Commodities Report

May 9, 2017

 

 

Close Tues May 9

April 25

2 week change

Dec Corn

3.85

3.89

- .04

Nov Soybeans

9.65

9.61

+ .04

July Wheat

4.30

4.27

+ .03

June Cattle

77.40

71.85

+ 5.55

June Hogs

125.00

115.95

+ 9.05

Cdn $

72.88

73.66

- .78

US $ Index

99.98

99.98

0

Crude Oil

46.02

49.40

- 3.38

Gold

1222

1265

- 43

US 10 Year Notes

124-30

125-13

- 15

TSX Stocks

15556

15755

- 199


Volatility increased over the past 2 weeks, as the 2017 North American weather market has begun. Heavy rains hit many key areas of the Midwest, including Illinois, Missouri and Indiana (and Ontario).   Despite that, 47 percent of US corn and 14 percent of the soybeans were planted by May 7, only 5 and 3 percent below average for that date.

Wheat also had a large jump on Monday May 1 after western Kansas got hit with a snowstorm and freezing temperatures. Crop losses are expected to be minor, and there’s no shortage of wheat in the US or the world, so prices gave back all of those gains in the past week.

There are no shortages in any of the 3 main crops in the US, as carry outs have risen drastically in the past couple years. While not keeping up to the supply increases, the demand story isn’t too shabby either.  China’s April soybean imports from the US were up 13 percent from a year ago. Jan, Feb and March imports also set new records, and were collectively up 18 percent from last year.

Meanwhile cumulative corn exports out of the US in this marketing year are up 54 percent from a year ago to the second highest ever.  Corn for ethanol has been at a record most of the year. Even wheat, where the US is a smaller and smaller player, has seen exports rise 32 percent compared to 2016.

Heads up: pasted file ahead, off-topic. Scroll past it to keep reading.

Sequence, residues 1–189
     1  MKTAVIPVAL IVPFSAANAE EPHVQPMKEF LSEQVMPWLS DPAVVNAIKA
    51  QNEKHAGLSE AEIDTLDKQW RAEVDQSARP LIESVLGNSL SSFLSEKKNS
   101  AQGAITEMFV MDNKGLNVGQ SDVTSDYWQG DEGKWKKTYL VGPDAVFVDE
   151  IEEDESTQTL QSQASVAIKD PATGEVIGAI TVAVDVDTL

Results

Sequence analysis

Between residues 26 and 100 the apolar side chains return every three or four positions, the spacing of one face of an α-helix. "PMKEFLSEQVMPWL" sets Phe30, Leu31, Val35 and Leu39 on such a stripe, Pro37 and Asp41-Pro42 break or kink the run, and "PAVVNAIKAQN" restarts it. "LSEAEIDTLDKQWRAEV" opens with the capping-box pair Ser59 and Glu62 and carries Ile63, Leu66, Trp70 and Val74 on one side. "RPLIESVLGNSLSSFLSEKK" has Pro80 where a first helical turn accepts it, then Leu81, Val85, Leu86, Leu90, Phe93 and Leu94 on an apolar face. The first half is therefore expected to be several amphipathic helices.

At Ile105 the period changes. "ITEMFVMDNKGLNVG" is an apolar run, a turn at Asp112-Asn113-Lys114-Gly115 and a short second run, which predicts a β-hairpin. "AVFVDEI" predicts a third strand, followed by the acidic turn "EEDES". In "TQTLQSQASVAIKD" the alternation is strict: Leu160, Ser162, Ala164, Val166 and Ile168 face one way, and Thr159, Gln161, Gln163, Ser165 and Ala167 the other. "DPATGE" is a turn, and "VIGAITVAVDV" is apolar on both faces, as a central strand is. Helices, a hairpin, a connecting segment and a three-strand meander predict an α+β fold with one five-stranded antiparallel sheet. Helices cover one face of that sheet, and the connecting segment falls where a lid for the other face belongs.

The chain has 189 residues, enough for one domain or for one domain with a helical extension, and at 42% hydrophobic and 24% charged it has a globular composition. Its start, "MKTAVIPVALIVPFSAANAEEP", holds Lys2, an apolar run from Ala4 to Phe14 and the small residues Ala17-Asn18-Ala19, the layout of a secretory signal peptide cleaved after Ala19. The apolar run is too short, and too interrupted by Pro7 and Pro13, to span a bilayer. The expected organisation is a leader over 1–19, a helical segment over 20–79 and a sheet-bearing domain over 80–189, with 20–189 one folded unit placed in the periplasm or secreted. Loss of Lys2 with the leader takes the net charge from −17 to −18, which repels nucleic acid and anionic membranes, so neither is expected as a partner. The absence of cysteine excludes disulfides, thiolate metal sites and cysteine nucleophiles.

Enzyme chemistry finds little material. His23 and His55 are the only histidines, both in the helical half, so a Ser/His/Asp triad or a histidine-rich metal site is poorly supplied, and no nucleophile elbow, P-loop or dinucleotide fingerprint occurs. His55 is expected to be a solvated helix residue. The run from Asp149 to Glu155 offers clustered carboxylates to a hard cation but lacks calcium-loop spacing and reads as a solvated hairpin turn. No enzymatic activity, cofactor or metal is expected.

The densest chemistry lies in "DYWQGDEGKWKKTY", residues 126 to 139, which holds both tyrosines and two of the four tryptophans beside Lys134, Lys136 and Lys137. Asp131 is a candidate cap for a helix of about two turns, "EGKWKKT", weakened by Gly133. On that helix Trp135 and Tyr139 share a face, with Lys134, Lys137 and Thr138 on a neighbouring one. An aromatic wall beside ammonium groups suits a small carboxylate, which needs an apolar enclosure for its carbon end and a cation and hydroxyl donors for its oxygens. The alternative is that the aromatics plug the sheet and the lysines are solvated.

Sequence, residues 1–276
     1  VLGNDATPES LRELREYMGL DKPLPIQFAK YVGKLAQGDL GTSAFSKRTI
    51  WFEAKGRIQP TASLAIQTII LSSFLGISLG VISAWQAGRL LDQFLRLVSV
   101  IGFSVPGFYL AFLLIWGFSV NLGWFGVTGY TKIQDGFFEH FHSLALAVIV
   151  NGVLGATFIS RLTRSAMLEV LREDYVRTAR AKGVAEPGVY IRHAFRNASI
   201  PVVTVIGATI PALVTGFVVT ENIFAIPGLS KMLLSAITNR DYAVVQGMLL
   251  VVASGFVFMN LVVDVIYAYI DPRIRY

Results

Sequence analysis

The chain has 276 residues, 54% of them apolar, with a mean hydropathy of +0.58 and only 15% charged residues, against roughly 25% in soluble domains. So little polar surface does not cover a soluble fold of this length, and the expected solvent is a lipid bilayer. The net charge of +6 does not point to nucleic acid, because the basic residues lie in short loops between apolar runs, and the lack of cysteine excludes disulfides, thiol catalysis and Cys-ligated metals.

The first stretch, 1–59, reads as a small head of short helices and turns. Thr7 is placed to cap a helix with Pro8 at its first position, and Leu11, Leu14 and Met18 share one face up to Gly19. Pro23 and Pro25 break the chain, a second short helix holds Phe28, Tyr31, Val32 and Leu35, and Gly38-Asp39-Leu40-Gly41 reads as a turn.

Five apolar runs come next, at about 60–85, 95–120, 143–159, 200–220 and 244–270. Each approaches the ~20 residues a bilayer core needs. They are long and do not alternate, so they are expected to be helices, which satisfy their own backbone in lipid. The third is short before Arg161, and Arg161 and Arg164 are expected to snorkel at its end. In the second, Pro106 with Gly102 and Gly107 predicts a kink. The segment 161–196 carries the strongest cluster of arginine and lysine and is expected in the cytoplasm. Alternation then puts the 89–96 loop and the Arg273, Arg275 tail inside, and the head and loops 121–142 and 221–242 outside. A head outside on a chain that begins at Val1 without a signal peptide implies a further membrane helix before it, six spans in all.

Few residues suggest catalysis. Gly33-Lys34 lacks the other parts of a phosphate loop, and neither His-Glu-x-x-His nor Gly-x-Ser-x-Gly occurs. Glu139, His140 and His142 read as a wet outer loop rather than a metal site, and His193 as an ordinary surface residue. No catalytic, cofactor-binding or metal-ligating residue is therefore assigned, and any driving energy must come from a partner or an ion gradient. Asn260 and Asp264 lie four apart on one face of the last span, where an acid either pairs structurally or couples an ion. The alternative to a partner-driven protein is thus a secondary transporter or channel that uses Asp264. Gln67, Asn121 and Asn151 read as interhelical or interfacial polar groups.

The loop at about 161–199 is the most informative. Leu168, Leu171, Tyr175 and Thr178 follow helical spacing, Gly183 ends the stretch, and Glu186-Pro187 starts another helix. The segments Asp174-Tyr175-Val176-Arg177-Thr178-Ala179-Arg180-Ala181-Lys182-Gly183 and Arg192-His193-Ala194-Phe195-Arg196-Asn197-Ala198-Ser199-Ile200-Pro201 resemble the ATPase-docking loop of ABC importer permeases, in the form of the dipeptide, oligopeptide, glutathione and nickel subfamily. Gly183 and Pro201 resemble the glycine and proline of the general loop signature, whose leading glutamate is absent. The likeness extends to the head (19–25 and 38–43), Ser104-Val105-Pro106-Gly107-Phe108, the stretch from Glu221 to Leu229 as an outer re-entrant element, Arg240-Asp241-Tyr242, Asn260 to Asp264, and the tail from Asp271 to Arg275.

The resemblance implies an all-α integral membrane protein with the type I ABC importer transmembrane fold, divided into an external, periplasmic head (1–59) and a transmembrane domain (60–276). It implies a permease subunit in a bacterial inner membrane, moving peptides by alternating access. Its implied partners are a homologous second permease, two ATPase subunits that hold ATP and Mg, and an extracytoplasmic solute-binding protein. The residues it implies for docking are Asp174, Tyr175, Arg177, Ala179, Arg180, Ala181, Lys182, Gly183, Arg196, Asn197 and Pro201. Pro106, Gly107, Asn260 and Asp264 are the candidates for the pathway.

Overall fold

On May 10, USDA released their monthly demand/supply report. There was some expectation that exports would be raised, and carry outs lowered, due to the fast pace so far.  The May report gives traders the first estimate of carry outs (CO)  etc for the new crop year (2017/18)

USDA’s initial May estimate of the new crop soybean CO  has been overstated  in 18 of the past 21 years by an average of 141 mln bu. That’s not very accurate, but at least USDA is consistent.  It is amazing that the estimates are almost always wrong in the direction that keeps prices lower.

The old crop corn CO was guessed at 2.3 bln bu, near expectations, while the 2017/18 was 2.27 bln, a minor 57 mln bu less than thought. The biggest surprise was the world new crop CO was 191 mln mt, almost 20 mln mt less than the average guess. This caused a 4 cent rise in futures. They used a 170.7 bu trend line yield.

The old soybean CO was as expected at 435 mln bu, and should rise to 480 mln for the 2017/18 crop. This is still a big number but is 83 mln less than traders thought. Maybe they’re factoring in for their bad track record over the past 21 years? They used a 48 bu yield to get the numbers.

Old crop wheat ending stocks were as expected at 1.16 bln bu., but new crop will drop to 914 mln., so at least finally the trend is towards lower stocks. This is mainly due to reduced production due to low acres.

Traders quickly went back to looking at the weather maps, which are turning wetter as of this writing. Despite very comfortable supplies, any serious adverse weather can still have a profound effect on price as we go through the summer.  

 

- Frank Backx, HDC Grain Marketer